11Just because the student “knows it” … Evidence of understanding is a greater challenge than evidence that the student knows a correct or valid answerUnderstanding is inferred, not seenIt can only be inferred if we see evidence that the student knows why (it works) so what? (why it matters), how (to apply it) – not just knowing that specific inferenceWhat is evidence of in-depth understanding, as opposed to superficial or naïve understanding? Where should we look, and what should we look for to determine the extent of student understanding? What kinds of assessment evidence will anchor our curricular units and guide our instruction?
12Reliability: Snapshot vs. Photo Album We need patterns that overcome inherent measurement errorSound assessment (particularly of State Standards) requires multiple evidence over time - a photo album vs. a single snapshot.When planning to collect evidence of understanding, teachers should consider a range of assessment methods.
13Curricular Priorities and Assessment Methods Assessment TypesTraditional quizzes and testsPaper-pencilSelected-responseConstructed-responsePerformance tasks and projectsOpen-endedComplexAuthenticWorth being familiar withImportant to know and do“Enduring” understandingIn effective assessments, we see a match between the type or format of the assessment and the achievement target it tends to measure. If the goal is for students to learn basic concepts and skills, then written tests and quizzes generally provide adequate and efficient measures. When the goal, however, is deep understanding, we need to rely on more complex assessment methods to determine if the goal has been reached.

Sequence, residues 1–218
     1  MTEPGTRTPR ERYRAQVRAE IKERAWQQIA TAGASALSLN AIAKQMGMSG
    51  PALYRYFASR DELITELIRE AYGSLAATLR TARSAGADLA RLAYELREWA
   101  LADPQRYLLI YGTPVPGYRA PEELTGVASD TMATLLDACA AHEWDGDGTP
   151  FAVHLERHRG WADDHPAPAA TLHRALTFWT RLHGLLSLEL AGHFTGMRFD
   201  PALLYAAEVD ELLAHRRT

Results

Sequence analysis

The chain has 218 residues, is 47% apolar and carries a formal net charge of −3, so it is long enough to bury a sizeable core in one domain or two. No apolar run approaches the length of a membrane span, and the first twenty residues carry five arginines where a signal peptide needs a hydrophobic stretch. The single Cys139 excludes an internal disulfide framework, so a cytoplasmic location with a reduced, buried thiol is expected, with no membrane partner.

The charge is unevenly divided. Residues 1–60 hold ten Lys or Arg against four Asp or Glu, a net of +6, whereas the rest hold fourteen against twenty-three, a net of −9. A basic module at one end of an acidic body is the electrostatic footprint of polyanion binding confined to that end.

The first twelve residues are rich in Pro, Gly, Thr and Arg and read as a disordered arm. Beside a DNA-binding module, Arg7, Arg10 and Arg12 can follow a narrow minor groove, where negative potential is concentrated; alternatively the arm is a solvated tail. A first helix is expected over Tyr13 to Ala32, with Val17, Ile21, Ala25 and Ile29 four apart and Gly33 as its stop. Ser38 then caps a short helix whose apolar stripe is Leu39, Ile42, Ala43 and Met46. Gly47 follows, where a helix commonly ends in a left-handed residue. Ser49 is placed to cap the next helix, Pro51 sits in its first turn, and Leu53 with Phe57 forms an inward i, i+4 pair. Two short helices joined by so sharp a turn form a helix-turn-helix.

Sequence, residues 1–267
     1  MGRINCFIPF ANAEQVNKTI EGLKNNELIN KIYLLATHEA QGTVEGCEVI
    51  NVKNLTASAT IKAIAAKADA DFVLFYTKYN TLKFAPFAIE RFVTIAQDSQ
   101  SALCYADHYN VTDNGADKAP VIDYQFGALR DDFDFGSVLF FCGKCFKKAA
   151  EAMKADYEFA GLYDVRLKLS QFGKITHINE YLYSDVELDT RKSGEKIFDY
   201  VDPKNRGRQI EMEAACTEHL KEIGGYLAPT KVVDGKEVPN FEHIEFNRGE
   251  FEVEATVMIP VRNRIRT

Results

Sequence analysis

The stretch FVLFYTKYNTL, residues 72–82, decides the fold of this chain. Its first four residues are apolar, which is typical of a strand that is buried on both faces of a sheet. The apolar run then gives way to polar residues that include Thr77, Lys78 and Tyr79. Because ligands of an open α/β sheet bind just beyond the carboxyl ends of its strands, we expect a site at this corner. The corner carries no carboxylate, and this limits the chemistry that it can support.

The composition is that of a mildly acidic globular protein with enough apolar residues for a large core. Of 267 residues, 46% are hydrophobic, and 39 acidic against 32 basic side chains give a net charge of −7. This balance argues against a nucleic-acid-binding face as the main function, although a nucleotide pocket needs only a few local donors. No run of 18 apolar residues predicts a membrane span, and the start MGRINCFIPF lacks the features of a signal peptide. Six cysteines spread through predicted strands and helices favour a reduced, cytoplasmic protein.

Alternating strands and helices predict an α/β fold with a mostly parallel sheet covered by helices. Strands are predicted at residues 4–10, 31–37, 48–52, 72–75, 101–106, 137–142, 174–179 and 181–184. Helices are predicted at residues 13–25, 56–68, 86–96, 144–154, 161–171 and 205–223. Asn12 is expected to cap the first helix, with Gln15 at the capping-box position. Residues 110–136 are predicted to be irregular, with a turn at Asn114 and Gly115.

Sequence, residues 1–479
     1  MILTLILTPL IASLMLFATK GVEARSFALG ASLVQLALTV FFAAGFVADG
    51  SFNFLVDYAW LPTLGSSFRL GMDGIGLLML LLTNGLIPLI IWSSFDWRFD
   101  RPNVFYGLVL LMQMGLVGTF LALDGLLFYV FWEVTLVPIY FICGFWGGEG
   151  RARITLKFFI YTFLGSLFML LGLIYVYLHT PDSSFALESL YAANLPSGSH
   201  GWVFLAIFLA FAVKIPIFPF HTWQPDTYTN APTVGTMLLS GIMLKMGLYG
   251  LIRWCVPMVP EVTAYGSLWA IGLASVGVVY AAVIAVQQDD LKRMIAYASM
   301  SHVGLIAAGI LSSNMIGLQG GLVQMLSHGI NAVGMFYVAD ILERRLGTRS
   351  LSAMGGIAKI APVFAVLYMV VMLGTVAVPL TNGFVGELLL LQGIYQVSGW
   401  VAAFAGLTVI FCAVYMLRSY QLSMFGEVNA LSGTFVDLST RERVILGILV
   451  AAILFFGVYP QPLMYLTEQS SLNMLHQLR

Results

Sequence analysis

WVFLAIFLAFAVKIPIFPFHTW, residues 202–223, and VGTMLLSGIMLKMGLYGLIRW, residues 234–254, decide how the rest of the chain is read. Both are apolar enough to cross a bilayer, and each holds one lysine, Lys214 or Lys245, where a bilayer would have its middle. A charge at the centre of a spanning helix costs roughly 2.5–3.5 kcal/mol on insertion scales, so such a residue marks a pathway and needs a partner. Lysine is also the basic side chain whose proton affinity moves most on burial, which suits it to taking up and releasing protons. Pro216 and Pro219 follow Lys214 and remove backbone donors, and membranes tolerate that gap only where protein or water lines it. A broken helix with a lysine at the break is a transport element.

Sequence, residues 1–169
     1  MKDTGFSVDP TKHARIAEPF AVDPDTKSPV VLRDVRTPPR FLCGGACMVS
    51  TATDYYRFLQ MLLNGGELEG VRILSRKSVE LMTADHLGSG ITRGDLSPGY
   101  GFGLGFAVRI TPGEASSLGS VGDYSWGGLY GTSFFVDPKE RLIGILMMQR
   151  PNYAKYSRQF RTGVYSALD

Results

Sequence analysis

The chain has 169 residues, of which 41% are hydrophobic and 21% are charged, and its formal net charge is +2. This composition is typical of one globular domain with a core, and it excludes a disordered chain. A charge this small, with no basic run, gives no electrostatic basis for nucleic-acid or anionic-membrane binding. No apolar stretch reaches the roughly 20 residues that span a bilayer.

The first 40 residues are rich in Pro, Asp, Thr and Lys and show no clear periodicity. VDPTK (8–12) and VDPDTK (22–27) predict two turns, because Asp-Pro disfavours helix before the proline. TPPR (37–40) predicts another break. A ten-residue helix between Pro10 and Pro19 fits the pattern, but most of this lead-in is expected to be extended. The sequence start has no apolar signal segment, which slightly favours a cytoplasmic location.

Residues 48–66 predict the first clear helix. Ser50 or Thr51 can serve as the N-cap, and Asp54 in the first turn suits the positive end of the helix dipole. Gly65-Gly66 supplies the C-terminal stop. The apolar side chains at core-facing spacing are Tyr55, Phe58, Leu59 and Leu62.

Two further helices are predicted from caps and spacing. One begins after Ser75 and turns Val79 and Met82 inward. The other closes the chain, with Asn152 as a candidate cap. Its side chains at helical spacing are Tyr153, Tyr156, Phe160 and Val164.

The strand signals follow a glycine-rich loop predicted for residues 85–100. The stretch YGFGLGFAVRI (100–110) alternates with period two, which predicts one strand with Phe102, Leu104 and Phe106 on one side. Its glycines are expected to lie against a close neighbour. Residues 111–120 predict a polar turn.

143 Stages of Design: Stage 3 1. Identify desired results2. Determine acceptable evidenceReady for Stage 3: Planning Learning Experiences and Instruction3. Plan learning experiences& instruction
15Stage 3 big idea: and N G A G IN G E F C T I V E As we begin planning learning experiences and instruction, we’ll want to ensure that work is both engaging and effective in leading towards maximum achievement. Use Wkst 12.1 and 12.2 to identify conditions and criteria for engaging and effective design. Then, in a small group discussion, use Wkst 12.3 to show the relationship between engaging and effective work. (Support Materials: Handouts 4, 5 and 6)
16Think of your obligations via W. H. E. R. E. T. O. “Where are we headed?” (the student’s Q!)How will the student be ‘hooked’?What opportunities will there be to be equipped, and to experience and explore key ideas?What will provide opportunities to rethink, rehearse, refine and revise?How will students evaluate their work?How will the work be tailored to individual needs, interests, styles?How will the work be organized for maximal engagement and effectiveness?HEREWith clearly specified understanding targets and assessments, we can now begin to identify instructional activities and sequence to make performance success most likely. Wiggins and McTighe use the acronym WHERETO to guide teachers on where to focus their efforts. All of these elements may not be needed in each unit, but as design guidelines and self-assessment criteria, they alert us to considering students as would=be performers. Use Handout 7 to consider these elements for you unit, then discuss the considerations with a partner or small group.TO